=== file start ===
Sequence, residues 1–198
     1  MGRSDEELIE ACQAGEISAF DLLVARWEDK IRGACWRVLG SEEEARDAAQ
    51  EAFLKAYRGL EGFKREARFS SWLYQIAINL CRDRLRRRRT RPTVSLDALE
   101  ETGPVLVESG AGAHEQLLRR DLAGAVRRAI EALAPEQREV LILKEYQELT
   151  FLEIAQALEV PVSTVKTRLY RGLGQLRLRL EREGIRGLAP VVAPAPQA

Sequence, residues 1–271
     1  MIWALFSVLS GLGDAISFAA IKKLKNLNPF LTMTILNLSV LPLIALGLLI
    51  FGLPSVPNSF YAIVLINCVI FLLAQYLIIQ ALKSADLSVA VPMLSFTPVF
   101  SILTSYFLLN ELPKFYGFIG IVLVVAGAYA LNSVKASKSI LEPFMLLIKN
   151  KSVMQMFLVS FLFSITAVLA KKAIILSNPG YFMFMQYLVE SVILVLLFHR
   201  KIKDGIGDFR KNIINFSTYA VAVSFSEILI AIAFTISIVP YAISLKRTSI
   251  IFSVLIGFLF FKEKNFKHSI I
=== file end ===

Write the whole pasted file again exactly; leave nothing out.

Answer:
Sequence, residues 1–198
     1  MGRSDEELIE ACQAGEISAF DLLVARWEDK IRGACWRVLG SEEEARDAAQ
    51  EAFLKAYRGL EGFKREARFS SWLYQIAINL CRDRLRRRRT RPTVSLDALE
   101  ETGPVLVESG AGAHEQLLRR DLAGAVRRAI EALAPEQREV LILKEYQELT
   151  FLEIAQALEV PVSTVKTRLY RGLGQLRLRL EREGIRGLAP VVAPAPQA

Sequence, residues 1–271
     1  MIWALFSVLS GLGDAISFAA IKKLKNLNPF LTMTILNLSV LPLIALGLLI
    51  FGLPSVPNSF YAIVLINCVI FLLAQYLIIQ ALKSADLSVA VPMLSFTPVF
   101  SILTSYFLLN ELPKFYGFIG IVLVVAGAYA LNSVKASKSI LEPFMLLIKN
   151  KSVMQMFLVS FLFSITAVLA KKAIILSNPG YFMFMQYLVE SVILVLLFHR
   201  KIKDGIGDFR KNIINFSTYA VAVSFSEILI AIAFTISIVP YAISLKRTSI
   251  IFSVLIGFLF FKEKNFKHSI I